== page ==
Show that for a continuous, increasing function $f : \mathbb R \rightarrow [0,1]$ that is onto $(0,1)$ it's inverse $f^{-1}$ is also continuous.

What I've tried

My first approach:

$f^{-1}$ is continuous if $f$ maps open sets to open sets. Since $f$ is increasing it is a one-to-one mapping and it suffices to show that $f$ maps open intervals to open intervals. Let $V \subset [0,1]$ so that $f^{-1}(V)$ is open (since $f$ is continuous) and $f(f^{-1}(V))=V$ which is also open. All that remains to show is that every open interval $U = f^{-1}(V)$ for some open interval $V$. This is true since $f$ is a one-to-one mapping.

My second approach:

$f^{-1}$ is continuous if there exists a $\delta$ such that when:

$$|\alpha - \alpha'| < \delta$$

we have:

$$|f^{-1}(\alpha) - f^{-1}(\alpha')| < \epsilon$$

Call the first event $A$ and the second event $B$. To show $A \implies B$ it is sufficient to show that $B^c \implies A^c$. Let $\alpha = f(x),\, \alpha' = f(x')$ for some $x,x'$ so that we need to show for each $\epsilon$: $|x-x'| \geq \epsilon \implies |f(x) - f(x')| \geq \delta$ for some $\delta$. But this is clear since $f$ is strictly increasing.

I could use some feedback on my reasoning for both approaches.

  • $\begingroup$ Why does this map even have an inverse? $\Bbb R$ is not compact, while $[0,1]$ is, so $f$ cannot possibly be a homeomorphism... $\endgroup$ Feb 13, 2021 at 18:46
  • $\begingroup$ I updated the question to specify that $f$ is onto $(0,1)$ not onto $[0,1]$. Does that resolve your point? $\endgroup$
    – dmh
    Feb 13, 2021 at 18:51
  • 1
    $\begingroup$ Kind of. You still won't get a homeomorphism of cause, but you might have a retraction $r:[0,1] \rightarrow \Bbb R$ (I would refrain from calling it $f^{-1}$ though, since it is not an inverse as $fr \neq id_{[0,1]}$). $\endgroup$ Feb 13, 2021 at 18:58
  • $\begingroup$ I see, that's right it's not an inverse on the whole range, only on $(0, 1)$. Although in this case that's not essential to the question. $\endgroup$
    – dmh
    Feb 13, 2021 at 19:00
  • $\begingroup$ I think your first argument that $f^{-1}$ is continuous iff $f$ is open does not work, as it is phrased like it holds for arbitrary continuous injections. It would be true, if we had a bijection, but as mentioned this is not the case here. Maybe it holds true for injective continous maps with dense image, but then this should be part of your argument... $\endgroup$ Feb 13, 2021 at 19:41

1 Answer 1


I think the first argument is broken: it is not true that for a continuous map $m:X\rightarrow Y$ with a retraction function $r:Y \rightarrow X$ the map $r$ is continuous iff $m$ is open. The problem is that if $m$ is not surjective onto $Y$ preimages of open sets $U \subseteq X$ under $r$ might contain elements not in the image of $U$ under $m$. We have canonically $m(U) \subseteq r^{-1}(U)$, but the latter needs not be open.

I can give you a counterexample: Consider the topological spaces $X=\{\circ,\square\}$ and $Y=\{\circ,\square,\bullet\}$, where $\circ,\square$ denote open points, $\bullet$ is a closed point and we consider the topologies generated by this conditions. Then the obvious inclusion is a continous and open injection $m:X\rightarrow Y$ and we can define the retraction $r:Y \rightarrow X$ doing the obvious things and sending $\bullet$ to $\circ$. The latter is not continous though as the preimage $r^{-1}(\{\circ\}) = \{\circ,\bullet\}$ is not open in the topology on $Y$.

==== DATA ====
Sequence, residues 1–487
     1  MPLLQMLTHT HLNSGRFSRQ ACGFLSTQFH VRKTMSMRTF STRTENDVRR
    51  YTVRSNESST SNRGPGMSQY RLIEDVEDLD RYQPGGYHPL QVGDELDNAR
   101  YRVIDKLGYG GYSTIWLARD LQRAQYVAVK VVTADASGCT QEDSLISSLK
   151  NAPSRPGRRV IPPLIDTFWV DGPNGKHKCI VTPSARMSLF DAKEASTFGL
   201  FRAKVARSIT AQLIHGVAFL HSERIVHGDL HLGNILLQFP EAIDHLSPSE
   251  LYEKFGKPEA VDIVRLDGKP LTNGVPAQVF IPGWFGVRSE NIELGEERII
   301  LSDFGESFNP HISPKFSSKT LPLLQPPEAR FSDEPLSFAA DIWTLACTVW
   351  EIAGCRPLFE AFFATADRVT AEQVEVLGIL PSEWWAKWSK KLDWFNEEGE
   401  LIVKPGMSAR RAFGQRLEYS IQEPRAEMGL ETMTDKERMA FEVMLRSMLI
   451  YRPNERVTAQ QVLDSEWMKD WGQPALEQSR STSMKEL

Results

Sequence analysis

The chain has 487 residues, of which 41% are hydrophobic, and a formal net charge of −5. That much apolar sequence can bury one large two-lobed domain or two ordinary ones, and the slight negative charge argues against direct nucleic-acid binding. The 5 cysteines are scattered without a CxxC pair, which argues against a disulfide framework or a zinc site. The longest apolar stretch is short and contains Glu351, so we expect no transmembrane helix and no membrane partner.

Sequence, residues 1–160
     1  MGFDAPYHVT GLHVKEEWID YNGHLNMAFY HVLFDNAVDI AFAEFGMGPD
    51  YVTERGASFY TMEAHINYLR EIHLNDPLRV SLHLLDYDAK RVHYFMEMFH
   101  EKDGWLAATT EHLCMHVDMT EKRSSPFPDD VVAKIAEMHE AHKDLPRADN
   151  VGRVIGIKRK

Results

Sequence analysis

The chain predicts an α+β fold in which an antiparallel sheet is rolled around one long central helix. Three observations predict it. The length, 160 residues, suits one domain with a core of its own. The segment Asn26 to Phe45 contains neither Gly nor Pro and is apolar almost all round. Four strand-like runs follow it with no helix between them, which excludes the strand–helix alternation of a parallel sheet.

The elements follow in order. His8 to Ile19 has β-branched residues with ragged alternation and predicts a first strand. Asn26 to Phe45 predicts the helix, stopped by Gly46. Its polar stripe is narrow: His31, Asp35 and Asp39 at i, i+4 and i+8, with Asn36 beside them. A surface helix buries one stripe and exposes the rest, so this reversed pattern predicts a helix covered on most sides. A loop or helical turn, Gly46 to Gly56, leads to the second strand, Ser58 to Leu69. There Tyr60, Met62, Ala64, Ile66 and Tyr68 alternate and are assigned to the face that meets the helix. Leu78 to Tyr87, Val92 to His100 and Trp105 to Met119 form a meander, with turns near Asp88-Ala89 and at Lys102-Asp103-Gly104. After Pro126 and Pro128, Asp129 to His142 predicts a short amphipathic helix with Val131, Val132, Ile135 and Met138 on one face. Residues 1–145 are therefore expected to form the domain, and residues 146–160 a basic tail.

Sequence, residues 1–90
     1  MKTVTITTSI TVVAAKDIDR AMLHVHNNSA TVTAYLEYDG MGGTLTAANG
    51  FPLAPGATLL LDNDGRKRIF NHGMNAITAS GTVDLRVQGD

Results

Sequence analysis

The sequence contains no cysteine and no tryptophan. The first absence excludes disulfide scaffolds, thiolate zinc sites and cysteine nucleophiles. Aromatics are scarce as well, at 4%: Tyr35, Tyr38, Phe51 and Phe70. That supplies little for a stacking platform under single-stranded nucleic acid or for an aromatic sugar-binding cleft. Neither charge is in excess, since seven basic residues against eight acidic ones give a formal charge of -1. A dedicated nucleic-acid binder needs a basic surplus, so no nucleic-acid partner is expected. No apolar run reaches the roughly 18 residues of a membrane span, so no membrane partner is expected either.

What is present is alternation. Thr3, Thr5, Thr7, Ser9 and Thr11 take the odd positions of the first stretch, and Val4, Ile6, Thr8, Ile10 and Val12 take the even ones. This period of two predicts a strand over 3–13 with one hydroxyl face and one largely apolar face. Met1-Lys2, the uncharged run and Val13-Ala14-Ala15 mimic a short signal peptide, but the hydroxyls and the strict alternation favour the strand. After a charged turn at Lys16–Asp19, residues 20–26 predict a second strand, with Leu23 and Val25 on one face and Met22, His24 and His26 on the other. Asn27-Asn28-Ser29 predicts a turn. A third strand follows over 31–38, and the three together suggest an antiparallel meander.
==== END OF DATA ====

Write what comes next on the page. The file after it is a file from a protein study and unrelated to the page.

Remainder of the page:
Edit I think the statement itself is wrong (if you use $[0,1]$). The function $\operatorname{arctan}:\Bbb R \rightarrow (-\frac{\pi}{2}, \frac{\pi}{2}) \subseteq [-\frac{\pi}{2},\frac{\pi}{2}]$ is a continuous strictly increasing function, which is not surjective. If it had a continuous retraction $r:[-\frac{\pi}{2},\frac{\pi}{2}]\rightarrow \Bbb R$ we would have in particular $r\vert_{(-\frac{\pi}{2},\frac{\pi}{2})} = \tan$ and continuity would force $$r(\frac{\pi}{2})=\lim \limits_{x \rightarrow \frac{\pi}{2}} r(x) = \lim \limits_{x \rightarrow \frac{\pi}{2}} \tan(x) = \infty \in \Bbb R,$$ which is absurd.

  • $\begingroup$ I see, thanks. I'll need to go through this closely. But the point I took away is that the first claim in the first argument breaks down when $x \neq m(r(x))$. In particular I need to be careful with how I define the retraction function $r$ over the domain. I think if I restrict the range of $f$ to $(0, 1)$ then that handles the issue, right? $\endgroup$
    – dmh
    Feb 13, 2021 at 20:30
  • 1
    $\begingroup$ Exactly. If the codomain of $f$ is $(0,1)$ you are speaking of a continuous bijection, in which case the inverse being continuous is equivalent to $f$ being open. $\endgroup$ Feb 13, 2021 at 21:40
  • $\begingroup$ Thanks! I'm pretty unsure about the second argument. Were you able to look through it? $\endgroup$
    – dmh
    Feb 13, 2021 at 23:01
  • $\begingroup$ Well you got the $\varepsilon-\delta$ semi-correct. A function $g$ is continuous, if forall $\varepsilon>0$ there exists $\delta>0$ st forall $x,y$ it holds that $\vert x-y\vert<\delta$ implies $\vert g(x)-g(y)\vert<\varepsilon$. All of this (in particular the order of the quantifiers!) is important. Now of cause you might use the contrapositive implication $\vert g(x)-g(y)\vert>\varepsilon$ implies $\vert x-y\vert>\delta$. But again, if you want to invoke monotonicity of $f$ you need to know that any $x\in [0,1]$ is given by $x=f(t)$ for some $t\in \Bbb R$, which is not the case $\endgroup$ Feb 14, 2021 at 0:01

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